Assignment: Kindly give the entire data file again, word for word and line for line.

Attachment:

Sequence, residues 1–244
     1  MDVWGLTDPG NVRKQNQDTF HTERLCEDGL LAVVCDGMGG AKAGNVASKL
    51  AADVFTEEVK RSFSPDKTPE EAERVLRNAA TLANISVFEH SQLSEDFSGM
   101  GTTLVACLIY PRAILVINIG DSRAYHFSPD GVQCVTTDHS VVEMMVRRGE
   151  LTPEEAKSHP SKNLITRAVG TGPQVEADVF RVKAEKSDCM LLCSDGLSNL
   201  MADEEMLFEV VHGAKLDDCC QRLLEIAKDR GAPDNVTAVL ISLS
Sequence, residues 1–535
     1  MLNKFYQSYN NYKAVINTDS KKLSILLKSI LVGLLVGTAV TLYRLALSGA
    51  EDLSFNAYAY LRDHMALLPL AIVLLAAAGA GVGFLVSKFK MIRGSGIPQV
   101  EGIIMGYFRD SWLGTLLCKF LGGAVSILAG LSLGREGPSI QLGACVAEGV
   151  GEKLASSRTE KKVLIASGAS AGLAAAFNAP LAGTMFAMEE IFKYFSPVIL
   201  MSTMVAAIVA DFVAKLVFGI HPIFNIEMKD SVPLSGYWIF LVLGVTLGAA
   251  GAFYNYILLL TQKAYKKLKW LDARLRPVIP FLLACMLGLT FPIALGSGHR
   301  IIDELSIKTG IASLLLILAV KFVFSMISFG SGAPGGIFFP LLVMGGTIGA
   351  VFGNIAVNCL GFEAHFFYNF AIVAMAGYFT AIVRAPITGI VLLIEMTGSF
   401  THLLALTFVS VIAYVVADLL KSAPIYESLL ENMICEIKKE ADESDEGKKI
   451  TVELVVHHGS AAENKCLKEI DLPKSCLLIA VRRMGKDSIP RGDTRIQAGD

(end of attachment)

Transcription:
Sequence, residues 1–244
     1  MDVWGLTDPG NVRKQNQDTF HTERLCEDGL LAVVCDGMGG AKAGNVASKL
    51  AADVFTEEVK RSFSPDKTPE EAERVLRNAA TLANISVFEH SQLSEDFSGM
   101  GTTLVACLIY PRAILVINIG DSRAYHFSPD GVQCVTTDHS VVEMMVRRGE
   151  LTPEEAKSHP SKNLITRAVG TGPQVEADVF RVKAEKSDCM LLCSDGLSNL
   201  MADEEMLFEV VHGAKLDDCC QRLLEIAKDR GAPDNVTAVL ISLS
Sequence, residues 1–535
     1  MLNKFYQSYN NYKAVINTDS KKLSILLKSI LVGLLVGTAV TLYRLALSGA
    51  EDLSFNAYAY LRDHMALLPL AIVLLAAAGA GVGFLVSKFK MIRGSGIPQV
   101  EGIIMGYFRD SWLGTLLCKF LGGAVSILAG LSLGREGPSI QLGACVAEGV
   151  GEKLASSRTE KKVLIASGAS AGLAAAFNAP LAGTMFAMEE IFKYFSPVIL
   201  MSTMVAAIVA DFVAKLVFGI HPIFNIEMKD SVPLSGYWIF LVLGVTLGAA
   251  GAFYNYILLL TQKAYKKLKW LDARLRPVIP FLLACMLGLT FPIALGSGHR
   301  IIDELSIKTG IASLLLILAV KFVFSMISFG SGAPGGIFFP LLVMGGTIGA
   351  VFGNIAVNCL GFEAHFFYNF AIVAMAGYFT AIVRAPITGI VLLIEMTGSF
   401  THLLALTFVS VIAYVVADLL KSAPIYESLL ENMICEIKKE ADESDEGKKI
   451  TVELVVHHGS AAENKCLKEI DLPKSCLLIA VRRMGKDSIP RGDTRIQAGD